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Popular neighbourhoods with old buildings are under upgradation, the quality of life is improving. And prices are rising as a result. The southern part of the district features large estates that offer attractive housing on a grand scale.
A former airport and a new one have decisively shaped the development of the district over the last decade. After Tempelhof Airport closed in 2008, the residents of the neighbourhoods in the vicinity found that they were no longer in the flightpath of incoming aircraft. But instead were now living near the largest open space in Berlin. This made the northern subdistrict of Neukölln even more attractive and generated additional momentum for its further development. Neukölln’s proximity to Kreuzberg has also attracted a new clientèle to its highly dense neighbourhoods with old buildings: creatives, students and expats have moved in, and the subdistrict has also become popular among tourists. Rents that were once quite favourable have increased significantly and extensive refurbishing operations have been undertaken to upgrade what in some cases were rather neglected buildings.
The new BER Airport began operating in 2020 just on the other side of the border to Brandenburg. A district that once came to an abrupt end at the Berlin Wall now ends at Berlin’s new gateway to the world. Medium-term plans call for the extension of the U7 underground line to BER, which would further improve what are already good transport connections in the district.
Things are changing noticeably in Britz – the subdistrict located immediately outside the S-Bahn train line (the “Ring”). Here, perimeter block development is giving way to large housing estates. New residential housing on a grand scale was already a trend here back in the 1920s. It serves as sort of a prototype for what would become the dominant development approach after the Second World War. The so-called “Hufeisensiedlung” (Horseshoe Estate), for example, is famous even beyond the architectural world. And is now a World Heritage Site.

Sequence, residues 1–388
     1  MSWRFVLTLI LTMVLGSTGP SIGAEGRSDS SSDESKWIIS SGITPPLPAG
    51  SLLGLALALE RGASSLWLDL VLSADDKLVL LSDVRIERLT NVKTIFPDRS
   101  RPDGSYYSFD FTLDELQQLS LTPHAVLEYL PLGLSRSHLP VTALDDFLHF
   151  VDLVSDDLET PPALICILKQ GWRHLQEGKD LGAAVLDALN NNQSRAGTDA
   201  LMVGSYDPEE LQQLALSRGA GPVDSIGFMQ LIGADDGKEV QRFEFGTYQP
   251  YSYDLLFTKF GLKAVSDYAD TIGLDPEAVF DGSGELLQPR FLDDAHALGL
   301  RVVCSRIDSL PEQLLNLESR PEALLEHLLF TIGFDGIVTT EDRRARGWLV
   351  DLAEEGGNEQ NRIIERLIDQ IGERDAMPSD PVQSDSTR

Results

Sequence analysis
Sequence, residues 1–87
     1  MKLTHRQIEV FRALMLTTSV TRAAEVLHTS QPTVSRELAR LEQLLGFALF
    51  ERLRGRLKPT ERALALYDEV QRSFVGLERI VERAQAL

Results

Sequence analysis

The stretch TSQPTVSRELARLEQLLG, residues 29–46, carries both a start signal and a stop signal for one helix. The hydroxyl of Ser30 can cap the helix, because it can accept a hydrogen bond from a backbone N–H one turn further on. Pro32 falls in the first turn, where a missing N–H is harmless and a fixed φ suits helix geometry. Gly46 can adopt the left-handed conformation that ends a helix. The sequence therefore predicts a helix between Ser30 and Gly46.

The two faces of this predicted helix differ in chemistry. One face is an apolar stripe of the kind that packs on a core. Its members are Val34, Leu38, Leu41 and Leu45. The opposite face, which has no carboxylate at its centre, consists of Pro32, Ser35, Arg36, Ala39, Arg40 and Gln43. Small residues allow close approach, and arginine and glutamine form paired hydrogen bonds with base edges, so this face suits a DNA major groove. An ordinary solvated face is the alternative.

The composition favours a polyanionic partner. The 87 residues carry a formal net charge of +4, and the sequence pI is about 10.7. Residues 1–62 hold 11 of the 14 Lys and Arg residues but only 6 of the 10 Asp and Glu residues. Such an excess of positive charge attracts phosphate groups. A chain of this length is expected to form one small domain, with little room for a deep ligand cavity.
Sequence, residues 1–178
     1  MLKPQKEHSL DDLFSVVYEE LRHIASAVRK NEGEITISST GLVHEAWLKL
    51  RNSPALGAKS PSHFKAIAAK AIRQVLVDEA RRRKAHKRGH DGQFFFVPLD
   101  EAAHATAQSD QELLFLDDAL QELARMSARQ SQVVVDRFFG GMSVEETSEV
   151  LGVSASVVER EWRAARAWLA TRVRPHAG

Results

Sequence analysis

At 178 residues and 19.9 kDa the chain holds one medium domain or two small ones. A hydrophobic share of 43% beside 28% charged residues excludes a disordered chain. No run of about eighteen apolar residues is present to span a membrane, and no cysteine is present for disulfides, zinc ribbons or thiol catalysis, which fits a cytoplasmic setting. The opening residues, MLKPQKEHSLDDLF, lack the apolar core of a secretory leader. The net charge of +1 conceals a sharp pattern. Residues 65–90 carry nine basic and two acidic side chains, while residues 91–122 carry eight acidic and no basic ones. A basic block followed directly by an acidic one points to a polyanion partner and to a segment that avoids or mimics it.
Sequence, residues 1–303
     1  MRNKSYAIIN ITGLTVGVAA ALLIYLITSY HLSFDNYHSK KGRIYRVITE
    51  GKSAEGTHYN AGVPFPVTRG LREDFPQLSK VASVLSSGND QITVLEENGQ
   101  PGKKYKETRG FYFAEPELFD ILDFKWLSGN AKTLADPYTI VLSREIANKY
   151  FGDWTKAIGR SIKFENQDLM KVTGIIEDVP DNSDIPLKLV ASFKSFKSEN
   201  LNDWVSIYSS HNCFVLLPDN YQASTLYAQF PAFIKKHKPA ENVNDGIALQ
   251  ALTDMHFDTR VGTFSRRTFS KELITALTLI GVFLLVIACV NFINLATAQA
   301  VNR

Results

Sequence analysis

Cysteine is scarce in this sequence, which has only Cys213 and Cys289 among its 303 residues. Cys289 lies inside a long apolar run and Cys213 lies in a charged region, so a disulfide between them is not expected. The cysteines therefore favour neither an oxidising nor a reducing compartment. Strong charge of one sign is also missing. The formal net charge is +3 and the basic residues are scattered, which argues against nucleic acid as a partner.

Like the Horseshoe Estate, the Gropiusstadt subdistrict is present since the 1960s and 1970s. It was a satellite estate at the border to Brandenburg. And is also part of the large housing estate tradition. The Gropiusstadt high-rises are home to approximately 18,500 apartments of various sizes. And have different types of amenities. All of them are bright. However, and some offer spectacular views. The vacancy rate is extremely low, in large part due to the fact that rents are relatively low. Suburban estates dominate the scene in the Buckow and Rudow subdistricts, where new residential neighbourhoods are also being developed, as sufficient space for such development is available on the outskirts of Neukölln.
The northern part of Neukölln is now one of the most sought-after locations in the city, especially among students and creatives.